House Oversight Committee subpoenas White House in impeachment inquiry

The House Oversight Committee subpoenaed the White House late Friday, with the Democratic chairmen of three House committees saying that President Trump "has chosen the path of defiance, obstruction, and cover-up" in response to the ongoing impeachment inquiry related to his conduct on a phone call with the president of Ukraine.

In a letter to acting White House Chief of Staff Mick Mulvaney, Oversight Committee Chairman Elijah Cummings, D-Md., Intelligence Committee Chairman Adam Schiff, D-Calif., and Foreign Affairs Committee Chairman Eliot Engel, D-N.Y., gave the White House until Oct. 18 to produce documents.


“We deeply regret that President Trump has put us — and the nation — in this position, but his actions have left us with no choice but to issue this subpoena,” the chairmen wrote.

The subpoena was issued by the House Oversight and Reform Committee as part of Democrats' impeachment investigation of Trump and came as The West Wing was set to allow the similar request for documents from the president's staff to go unfulfilled, likely forcing Democrats to make good on their threat to issue a subpoena for the records.

That inquiry is looking into whether Trump pressured Ukraine to interfere in the 2020 election by freezing military aid, then urging newly elected President Volodymyr Zelensky to investigate former Vice President Joe Biden, his son Hunter and their business dealings in the Eastern European country. Democrats have claimed that the call revealed a quid pro quo in which Trump tied the request to nearly $400 million in frozen military money.

Trump has resisted Democratic attempts to produce documents and administration witnesses for the impeachment inquiry. The subpoena seems likely to escalate the clash between the two branches of government. The president said he would formally object to the impeachment investigation, even while acknowledging that House Democrats "have the votes" to proceed.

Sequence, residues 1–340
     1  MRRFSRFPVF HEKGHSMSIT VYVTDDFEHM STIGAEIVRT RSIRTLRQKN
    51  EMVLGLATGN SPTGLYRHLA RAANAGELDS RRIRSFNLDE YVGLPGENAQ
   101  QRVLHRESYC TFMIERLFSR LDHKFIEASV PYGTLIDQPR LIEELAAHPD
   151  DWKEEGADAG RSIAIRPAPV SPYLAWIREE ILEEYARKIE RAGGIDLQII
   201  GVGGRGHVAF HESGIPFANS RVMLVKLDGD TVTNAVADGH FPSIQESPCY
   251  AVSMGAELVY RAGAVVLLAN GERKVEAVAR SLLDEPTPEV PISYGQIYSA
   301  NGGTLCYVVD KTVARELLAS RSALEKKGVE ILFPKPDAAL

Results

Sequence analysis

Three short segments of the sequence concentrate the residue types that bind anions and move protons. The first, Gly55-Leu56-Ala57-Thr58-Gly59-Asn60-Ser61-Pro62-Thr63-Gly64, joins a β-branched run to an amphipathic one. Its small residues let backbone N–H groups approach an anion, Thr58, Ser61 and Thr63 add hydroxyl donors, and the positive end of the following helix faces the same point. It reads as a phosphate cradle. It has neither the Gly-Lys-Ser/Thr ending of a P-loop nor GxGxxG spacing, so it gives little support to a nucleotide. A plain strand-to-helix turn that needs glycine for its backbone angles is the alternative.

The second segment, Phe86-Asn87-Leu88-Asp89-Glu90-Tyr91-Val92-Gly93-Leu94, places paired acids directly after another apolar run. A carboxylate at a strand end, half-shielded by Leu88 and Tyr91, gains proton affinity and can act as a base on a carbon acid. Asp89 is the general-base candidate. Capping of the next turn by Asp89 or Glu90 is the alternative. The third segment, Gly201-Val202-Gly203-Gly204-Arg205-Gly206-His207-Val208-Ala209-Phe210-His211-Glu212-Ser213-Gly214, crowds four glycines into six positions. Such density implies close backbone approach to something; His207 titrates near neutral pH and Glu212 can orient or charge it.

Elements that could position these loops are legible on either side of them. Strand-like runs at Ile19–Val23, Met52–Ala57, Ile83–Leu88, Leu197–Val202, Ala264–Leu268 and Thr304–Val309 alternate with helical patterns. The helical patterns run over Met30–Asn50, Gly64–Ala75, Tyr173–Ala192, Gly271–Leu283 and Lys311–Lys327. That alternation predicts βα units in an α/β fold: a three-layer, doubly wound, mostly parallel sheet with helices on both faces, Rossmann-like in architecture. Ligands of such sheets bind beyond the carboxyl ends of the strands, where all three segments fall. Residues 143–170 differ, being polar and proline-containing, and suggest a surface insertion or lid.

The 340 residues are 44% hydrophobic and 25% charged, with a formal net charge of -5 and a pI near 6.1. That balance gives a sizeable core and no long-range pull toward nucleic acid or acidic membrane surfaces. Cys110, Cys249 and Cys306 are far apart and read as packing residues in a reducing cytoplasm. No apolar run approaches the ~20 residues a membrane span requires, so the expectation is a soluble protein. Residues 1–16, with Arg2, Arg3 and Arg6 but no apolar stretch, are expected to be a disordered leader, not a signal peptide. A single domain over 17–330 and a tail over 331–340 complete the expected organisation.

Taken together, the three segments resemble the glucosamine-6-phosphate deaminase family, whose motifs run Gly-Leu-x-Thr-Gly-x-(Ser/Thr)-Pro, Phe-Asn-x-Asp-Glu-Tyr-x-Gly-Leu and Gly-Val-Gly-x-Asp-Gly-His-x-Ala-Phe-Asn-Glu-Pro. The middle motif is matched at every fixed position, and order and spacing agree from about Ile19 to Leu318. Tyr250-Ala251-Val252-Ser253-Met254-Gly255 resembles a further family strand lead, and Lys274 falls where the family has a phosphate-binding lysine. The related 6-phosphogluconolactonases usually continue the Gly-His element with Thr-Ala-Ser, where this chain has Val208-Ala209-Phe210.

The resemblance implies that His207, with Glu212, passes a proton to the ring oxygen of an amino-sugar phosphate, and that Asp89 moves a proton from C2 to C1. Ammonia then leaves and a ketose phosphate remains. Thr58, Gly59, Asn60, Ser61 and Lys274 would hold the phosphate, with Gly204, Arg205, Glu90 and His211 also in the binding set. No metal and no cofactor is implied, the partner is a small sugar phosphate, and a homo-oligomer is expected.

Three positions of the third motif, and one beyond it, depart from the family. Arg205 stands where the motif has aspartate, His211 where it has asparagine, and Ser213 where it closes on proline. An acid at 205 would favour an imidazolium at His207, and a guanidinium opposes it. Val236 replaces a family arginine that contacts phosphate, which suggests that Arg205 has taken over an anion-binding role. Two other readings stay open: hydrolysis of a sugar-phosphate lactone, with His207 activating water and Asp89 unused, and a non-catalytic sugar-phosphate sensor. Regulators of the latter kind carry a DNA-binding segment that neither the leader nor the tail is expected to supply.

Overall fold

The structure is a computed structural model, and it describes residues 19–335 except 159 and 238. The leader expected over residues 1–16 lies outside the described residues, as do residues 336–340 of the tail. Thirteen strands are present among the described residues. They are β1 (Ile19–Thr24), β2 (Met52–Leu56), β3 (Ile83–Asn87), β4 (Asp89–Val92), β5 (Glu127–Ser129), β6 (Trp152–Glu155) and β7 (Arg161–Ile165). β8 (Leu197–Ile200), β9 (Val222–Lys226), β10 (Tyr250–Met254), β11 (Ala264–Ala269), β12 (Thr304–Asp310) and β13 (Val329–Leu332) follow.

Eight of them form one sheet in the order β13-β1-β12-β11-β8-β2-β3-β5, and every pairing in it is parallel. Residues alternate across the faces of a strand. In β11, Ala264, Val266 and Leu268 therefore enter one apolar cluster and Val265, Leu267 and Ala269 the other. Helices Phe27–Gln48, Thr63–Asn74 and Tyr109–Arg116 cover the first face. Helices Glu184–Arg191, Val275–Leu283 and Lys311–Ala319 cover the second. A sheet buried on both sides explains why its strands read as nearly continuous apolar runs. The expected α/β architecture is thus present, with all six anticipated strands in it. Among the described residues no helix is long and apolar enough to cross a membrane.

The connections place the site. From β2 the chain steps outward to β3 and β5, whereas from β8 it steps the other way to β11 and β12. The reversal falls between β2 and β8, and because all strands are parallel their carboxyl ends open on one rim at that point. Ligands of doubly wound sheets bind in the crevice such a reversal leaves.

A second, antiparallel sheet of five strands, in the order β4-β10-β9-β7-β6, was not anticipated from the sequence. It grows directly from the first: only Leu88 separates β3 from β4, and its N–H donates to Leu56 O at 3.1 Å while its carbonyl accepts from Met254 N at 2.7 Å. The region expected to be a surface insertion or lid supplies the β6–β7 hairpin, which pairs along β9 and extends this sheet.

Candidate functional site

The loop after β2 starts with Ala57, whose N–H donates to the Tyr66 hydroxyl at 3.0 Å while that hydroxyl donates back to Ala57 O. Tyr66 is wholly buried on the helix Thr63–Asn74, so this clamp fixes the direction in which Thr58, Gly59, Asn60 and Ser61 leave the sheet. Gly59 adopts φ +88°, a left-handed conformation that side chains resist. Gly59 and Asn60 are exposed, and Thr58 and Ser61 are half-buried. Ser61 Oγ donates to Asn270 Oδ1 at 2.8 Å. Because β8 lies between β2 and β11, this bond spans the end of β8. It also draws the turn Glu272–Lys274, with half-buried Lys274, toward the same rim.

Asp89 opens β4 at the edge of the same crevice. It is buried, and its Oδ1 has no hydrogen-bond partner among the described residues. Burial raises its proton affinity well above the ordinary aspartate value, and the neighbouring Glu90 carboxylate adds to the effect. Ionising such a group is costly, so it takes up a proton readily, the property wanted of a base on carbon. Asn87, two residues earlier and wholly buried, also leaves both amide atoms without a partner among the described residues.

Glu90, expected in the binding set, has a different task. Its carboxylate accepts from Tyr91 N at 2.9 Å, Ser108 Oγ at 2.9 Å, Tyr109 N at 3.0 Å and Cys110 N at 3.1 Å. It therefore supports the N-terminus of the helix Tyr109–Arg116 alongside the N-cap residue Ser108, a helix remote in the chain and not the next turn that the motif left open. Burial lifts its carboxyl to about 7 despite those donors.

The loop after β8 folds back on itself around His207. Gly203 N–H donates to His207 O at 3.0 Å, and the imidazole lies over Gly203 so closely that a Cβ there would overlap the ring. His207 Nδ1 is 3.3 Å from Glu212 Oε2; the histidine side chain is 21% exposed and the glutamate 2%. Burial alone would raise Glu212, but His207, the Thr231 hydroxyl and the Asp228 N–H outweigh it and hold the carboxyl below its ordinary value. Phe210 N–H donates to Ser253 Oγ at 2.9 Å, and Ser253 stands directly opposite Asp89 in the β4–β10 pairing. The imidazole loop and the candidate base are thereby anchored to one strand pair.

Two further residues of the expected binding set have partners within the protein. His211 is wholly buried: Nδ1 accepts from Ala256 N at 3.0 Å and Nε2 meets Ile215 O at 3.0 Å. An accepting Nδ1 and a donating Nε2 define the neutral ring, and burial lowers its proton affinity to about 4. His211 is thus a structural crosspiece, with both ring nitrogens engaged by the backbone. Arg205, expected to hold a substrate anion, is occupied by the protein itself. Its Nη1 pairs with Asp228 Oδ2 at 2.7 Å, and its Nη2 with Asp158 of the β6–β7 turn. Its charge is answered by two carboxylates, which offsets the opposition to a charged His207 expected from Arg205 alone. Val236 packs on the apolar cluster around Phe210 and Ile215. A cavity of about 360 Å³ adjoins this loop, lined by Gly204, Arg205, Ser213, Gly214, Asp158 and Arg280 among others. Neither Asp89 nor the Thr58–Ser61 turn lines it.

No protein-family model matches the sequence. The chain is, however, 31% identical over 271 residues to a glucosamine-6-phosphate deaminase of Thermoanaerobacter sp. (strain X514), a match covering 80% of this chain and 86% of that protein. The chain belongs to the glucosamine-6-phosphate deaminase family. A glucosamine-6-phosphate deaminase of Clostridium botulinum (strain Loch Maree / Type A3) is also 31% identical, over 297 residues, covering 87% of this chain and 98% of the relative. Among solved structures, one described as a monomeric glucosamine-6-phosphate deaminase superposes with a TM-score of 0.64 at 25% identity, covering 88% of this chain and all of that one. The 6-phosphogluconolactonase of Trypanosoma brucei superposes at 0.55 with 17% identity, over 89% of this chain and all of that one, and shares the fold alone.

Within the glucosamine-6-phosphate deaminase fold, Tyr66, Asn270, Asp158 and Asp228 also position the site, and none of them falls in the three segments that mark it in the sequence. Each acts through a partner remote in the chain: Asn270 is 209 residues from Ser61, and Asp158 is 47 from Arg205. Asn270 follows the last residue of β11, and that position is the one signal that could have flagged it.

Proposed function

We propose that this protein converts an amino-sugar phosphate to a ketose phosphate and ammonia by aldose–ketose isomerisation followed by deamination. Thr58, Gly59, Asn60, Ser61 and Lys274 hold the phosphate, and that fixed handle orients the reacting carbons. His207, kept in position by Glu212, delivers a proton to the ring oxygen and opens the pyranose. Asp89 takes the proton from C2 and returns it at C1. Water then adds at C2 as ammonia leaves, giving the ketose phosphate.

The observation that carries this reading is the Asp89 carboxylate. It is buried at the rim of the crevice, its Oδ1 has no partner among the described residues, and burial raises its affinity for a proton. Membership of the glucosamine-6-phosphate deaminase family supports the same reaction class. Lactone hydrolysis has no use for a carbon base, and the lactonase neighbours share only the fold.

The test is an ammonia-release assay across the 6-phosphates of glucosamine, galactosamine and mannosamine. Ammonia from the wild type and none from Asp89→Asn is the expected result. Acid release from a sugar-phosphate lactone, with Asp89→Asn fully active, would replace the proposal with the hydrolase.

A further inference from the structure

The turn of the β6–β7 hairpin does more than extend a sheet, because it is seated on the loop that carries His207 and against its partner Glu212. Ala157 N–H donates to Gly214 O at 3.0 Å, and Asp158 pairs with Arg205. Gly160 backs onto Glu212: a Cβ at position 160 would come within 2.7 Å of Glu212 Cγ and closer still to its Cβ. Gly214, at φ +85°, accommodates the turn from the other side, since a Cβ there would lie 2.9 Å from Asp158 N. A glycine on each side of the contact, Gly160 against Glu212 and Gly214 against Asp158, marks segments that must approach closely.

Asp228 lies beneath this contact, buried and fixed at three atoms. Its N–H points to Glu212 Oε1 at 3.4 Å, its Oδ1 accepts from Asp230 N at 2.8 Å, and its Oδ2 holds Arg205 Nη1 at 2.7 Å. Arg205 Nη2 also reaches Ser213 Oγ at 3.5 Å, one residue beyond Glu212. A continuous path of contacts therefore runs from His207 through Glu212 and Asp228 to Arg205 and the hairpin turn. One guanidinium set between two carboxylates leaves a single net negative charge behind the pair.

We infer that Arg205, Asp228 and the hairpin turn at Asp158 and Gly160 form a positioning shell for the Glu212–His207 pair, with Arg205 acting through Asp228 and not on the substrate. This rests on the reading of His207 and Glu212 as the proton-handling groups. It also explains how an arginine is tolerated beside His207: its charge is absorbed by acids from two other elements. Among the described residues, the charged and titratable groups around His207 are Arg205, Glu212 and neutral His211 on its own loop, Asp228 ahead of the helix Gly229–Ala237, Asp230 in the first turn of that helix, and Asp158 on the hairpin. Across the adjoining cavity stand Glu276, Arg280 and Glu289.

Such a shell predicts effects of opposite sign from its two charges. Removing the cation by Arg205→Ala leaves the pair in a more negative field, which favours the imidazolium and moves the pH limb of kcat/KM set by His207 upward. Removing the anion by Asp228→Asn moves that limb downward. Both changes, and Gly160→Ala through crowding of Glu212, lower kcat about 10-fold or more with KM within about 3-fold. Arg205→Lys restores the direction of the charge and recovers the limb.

The White House was expected to send a letter to House Speaker Nancy Pelosi, D-Calif., as early as Monday arguing that Congress could not mount its impeachment inquiry without first having a vote to authorize it. The letter was expected to say the administration wouldn't cooperate with the probe without that vote. Pelosi has said such a vote is unnecessary, claiming the House is well within its rules to pursue the inquiry without it.

"The existing rules of the House provide House Committees with full authority to conduct investigations for all matters under their jurisdiction, including impeachment investigations," Pelosi wrote Thursday in a letter to House GOP Leader Kevin McCarthy, R-Calif., after he, too, pressed for a floor vote.

Pelosi has sought to avoid a vote on the impeachment probe for the same reason she resisted, for months, liberal calls to try to remove the president: It would force moderate House Democrats to make a politically risky vote.


Cummings had threatened the subpoena Wednesday after the White House ignored two letters in September seeking the documents. In Friday's letter, the chairmen warned the White House that "Speaker Pelosi has confirmed that an impeachment inquiry is underway, and it is not for the White House to say otherwise."

The letter added that the White House's "failure or refusal to comply with the subpoena ... shall constitute evidence of obstruction of the House's impeachment inquiry and may be used as an adverse inference against you [Mulvaney] and the President.

Earlier Friday, House Democrats sent a letter requesting documents from Vice President Mike Pence as part of the impeachment inquiry by Oct. 15.

Fox News' Adam Shaw and The Associated Press contributed to this report.